By Gayle Putrich
Boeing will redefine "long endurance" for unmanned air vehicles, having won a contract to build a solar-powered flying wing intended to stay aloft for five years at a time under the US Defense Advanced Research Projects Agency's (DARPA) Vulture programme, the Pentagon agency announced on 15 September.
The first test of the Phantom Works prototype will be to fly the UAV, which Boeing has designated the Solar Eagle, for 30 days on solar-electric power. However, Phantom Works president Darryl Davis says: "Our plan is to go for much longer than that."
The Solar Eagle and its more than 122m (400ft) long wing will eventually be expected to fly for more than five years at a time at heights of 60,000-90,000ft carrying a 450kg (1,000lb) payload with minimum on-board power of 5kW/h.
DARPA documents from September 2009 that lay out the particulars for the $155 million second phase of Vulture list the "stretch goals" for Phase II as being able to carry a 90kg payload with 1kW/h of power with 99% reliability on a 90-day test flight. Phase II will also include risk reduction efforts for the UAV's systems and design and construction of a full-scale demonstrator. "The programme will conclude with a flight experiment of a near full-scale demonstrator," says DARPA's press release today.
With Pentagon demands for surveillance, intelligence and reconnaissance data from both air and satellite assets constantly increasing, DARPA's goal with Vulture is to combine the advantages of both types. The agency could potentially operate the system as a single aircraft, in a multi-aircraft formation or as a further-reaching satellite constellation.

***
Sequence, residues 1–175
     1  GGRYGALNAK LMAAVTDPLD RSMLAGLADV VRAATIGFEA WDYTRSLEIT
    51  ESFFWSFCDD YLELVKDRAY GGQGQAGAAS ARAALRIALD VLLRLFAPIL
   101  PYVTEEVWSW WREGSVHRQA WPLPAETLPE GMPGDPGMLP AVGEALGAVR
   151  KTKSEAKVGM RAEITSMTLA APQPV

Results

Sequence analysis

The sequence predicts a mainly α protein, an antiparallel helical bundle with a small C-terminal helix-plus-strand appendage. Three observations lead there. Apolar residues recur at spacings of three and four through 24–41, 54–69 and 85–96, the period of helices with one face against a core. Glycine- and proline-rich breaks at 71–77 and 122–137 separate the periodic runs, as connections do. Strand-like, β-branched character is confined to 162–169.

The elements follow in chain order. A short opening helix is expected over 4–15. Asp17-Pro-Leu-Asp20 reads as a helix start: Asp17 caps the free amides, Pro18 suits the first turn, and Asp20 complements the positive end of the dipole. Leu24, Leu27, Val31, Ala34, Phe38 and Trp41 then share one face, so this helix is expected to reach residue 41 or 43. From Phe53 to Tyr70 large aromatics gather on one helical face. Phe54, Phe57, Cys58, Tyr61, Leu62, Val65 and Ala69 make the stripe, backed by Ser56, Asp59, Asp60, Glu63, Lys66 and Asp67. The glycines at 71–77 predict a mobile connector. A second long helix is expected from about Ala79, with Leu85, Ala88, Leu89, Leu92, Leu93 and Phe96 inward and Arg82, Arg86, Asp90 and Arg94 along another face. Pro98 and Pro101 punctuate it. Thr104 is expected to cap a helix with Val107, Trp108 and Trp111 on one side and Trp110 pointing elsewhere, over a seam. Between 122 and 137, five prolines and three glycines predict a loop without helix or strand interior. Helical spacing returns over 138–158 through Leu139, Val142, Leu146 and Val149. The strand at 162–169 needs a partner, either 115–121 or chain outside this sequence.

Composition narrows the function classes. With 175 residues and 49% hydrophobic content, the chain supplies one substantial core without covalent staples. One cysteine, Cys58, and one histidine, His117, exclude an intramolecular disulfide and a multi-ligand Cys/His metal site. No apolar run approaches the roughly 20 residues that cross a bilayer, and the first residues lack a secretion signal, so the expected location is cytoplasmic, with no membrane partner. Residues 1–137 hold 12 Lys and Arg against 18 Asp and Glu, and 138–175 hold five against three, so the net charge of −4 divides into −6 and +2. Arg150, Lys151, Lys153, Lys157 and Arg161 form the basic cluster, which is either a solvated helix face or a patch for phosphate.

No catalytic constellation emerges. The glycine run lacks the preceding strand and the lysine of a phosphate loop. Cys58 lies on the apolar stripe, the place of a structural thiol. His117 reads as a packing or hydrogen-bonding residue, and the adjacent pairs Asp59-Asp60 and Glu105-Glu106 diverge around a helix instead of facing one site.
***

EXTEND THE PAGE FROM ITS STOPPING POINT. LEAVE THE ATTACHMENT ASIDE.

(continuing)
"The Vulture technology offers a revolutionary capability of affordable, persistent airborne operation that shatters some fundamental aviation and space paradigms," says Daniel Newman, DARPA programme manager. "It is applicable to a wide range of current missions and applications, and offers new opportunities for tomorrow's requirements."
Boeing's partners in the venture to build the solar-powered UAV include Versa Power Systems, Draper Laboratories and Qinetiq, which unofficially reset the world record for high-altitude, long-endurance unmanned flight on 23 July, when its Zephyr UAV landed after 14 days and 21min in the air.
Boeing beat rival offerings from Lockheed Martin and from Aurora Flight Science's Odysseus, both of which also received funding in the first, 12-month phase of the Vulture programme, which began in April 2008. Boeing received $3.8 million in 2008 for Phase I development, which included blueprinting full-scale demonstrators, constructing subscale demonstrators and concluded with a system requirements review.